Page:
BRITICE - The British Ice Sheet
Map and GIS database of glacial landforms and features related to the last British Ice Sheet
Published map now available
See "Buying a printed map"
Most glaciated countries have for some time had some form of 'glacial map' recording landforms and evidence resulting from the activity of former ice sheets.
The Glacial Map of Canada is an exemplary example (Prest, V.K., Grant, D.R. and Rampton, V.N. 1968: Glacial map of Canada. Geological Survey of Canada. Map 1253A.)
For the first time we now have a compilation map for the last British Ice Sheet.
The methods of production, scope and caveats, and the printed 'Glacial Map' at a scale of 1:625 000 are reported in:
Please note that it is important to consult this source as it fully describes the nature of the data, and caveats which are essential for appropriate interpretation of the features.
The purpose of this web page is to support the above publication, and to permit academic users to have free access to the data used in compiling the 'Glacial Map'.
On-screen view of some of the GIS layers: trimlines (nunataks) in red, moraine ridges in brown and limit of glacigenic deposits in dashed black, overlaid on a DEM of topography for part of Wester Ross, Scotland. This illustrates how it is possible to interrogate any individual feature and receive information on the published source from where it derives and a brief explanatory comment.
Oblique view of the York-Escrick moraines (in brown) from the GIS overlaid on a DEM rendition of topography.
Example of a small extract of the BRITICE GIS around the Solway Firth. Drumlins as black lines, meltwater channels in blue, moraines in brown, eskers in red, and erratic information in green.
What is included?
Emphasis is on information that constrains the last ice sheet. The following are included:
- meltwater channels
- tunnel valleys
- limit of key glacigenic deposits
- glaciolacustrine deposits
- ice-dammed lakes
- erratic dispersal patterns
- shelf-edge fans
- and the Loch Lomond Readvance limit of the main ice cap.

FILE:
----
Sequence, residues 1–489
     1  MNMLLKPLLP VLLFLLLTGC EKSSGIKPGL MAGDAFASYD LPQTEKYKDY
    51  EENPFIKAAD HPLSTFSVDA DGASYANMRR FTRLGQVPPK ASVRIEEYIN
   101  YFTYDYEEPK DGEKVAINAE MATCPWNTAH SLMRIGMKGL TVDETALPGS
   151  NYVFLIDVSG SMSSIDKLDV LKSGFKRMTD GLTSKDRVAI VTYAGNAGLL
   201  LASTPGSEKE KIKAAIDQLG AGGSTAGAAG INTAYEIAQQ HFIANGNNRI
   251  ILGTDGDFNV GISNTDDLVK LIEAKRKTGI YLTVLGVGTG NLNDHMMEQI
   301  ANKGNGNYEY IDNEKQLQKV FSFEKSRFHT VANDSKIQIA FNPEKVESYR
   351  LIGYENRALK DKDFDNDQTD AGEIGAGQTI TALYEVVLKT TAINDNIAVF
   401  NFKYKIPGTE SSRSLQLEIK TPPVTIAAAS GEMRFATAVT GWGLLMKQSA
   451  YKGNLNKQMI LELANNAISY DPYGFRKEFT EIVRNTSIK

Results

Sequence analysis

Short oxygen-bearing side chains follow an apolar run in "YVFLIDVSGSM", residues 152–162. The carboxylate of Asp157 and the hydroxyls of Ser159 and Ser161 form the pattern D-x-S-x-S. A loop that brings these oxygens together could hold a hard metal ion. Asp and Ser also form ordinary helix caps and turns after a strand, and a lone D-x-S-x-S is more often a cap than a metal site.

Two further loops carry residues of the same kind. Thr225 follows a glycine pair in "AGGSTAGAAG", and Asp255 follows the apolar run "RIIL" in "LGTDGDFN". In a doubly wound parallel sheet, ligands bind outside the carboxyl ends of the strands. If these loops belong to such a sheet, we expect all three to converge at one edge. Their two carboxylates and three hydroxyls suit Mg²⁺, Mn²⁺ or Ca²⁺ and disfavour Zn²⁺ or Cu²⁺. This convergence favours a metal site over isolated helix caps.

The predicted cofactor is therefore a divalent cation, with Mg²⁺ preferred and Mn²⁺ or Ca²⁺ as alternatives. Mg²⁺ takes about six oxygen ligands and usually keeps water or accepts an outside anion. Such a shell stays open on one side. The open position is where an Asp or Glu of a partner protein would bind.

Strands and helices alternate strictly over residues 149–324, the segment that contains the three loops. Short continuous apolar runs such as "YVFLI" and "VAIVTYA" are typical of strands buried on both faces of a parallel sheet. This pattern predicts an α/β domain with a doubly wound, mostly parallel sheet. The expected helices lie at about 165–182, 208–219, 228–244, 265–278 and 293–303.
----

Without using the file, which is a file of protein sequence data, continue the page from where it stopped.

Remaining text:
The GIS contains over 20,000 features split into thematic layers (as above). Individual features are attributed such that they can be traced back to their published sources. Given that the published sources of information that underpin this work were derived by a piecemeal effort over 150 years then our main caveat is of data consistency and reliability.
Why have we done this?
It is hoped that this compilation will:
- Stimulate greater scrutiny of published data
- Assist in palaeo-glaciological reconstructions of the ice sheet
- Facilitate use of field-evidence in numerical ice sheet modelling
- Help direct field-workers in their future investigations.
How was it compiled?
The compilation was produced by reviewing over 1,000 publications of the academic literature and British Geological Survey mapping. Relevant data were extracted from these and digitised and entered into a GIS. Note that the printed Glacial Map in Boreas is a generalisation (necessary for the reduced scale) of the data. For full-resolution data the GIS should be used.
Who has done the work?
Chris Clark (University of Sheffield) and Dave Evans (University of Glasgow) led the work assisted by Wishart Mitchell (University of Durham) and Mark Bateman (University of Sheffield). Important collaborators at the British Geological Survey (BGS) were Colm Jordan and Stuart Marsh, without whom the work would not have been possible. Anjana Khatwa and Tom Bradwell were employed to perform much of the data assessment and input. Neal Salomon and Lisa Collings are thanked for their work digitising some of the features, and Graham Allsopp is acknowledged for cartographic production of the map. Steve Wise is thanked for help regarding GIS implementation.
The BRITICE project was conceived and started in 1995, and rapidly grew in ambition from a simple A3 map to a fully-fledged GIS, bibliography and large map. Essential to the success of the project was the recognition of its value by Stuart Marsh and Colm Jordan and consequent timely support of funds from the BGS under their University Collaboration Scheme. The universities of Sheffield and Glasgow are also acknowledged for their financial support, as is the Carnegie Trust for the Universities of Scotland, who greatly assisted in funding the production of the map.
Hey, you have missed an important feature. What about future editions?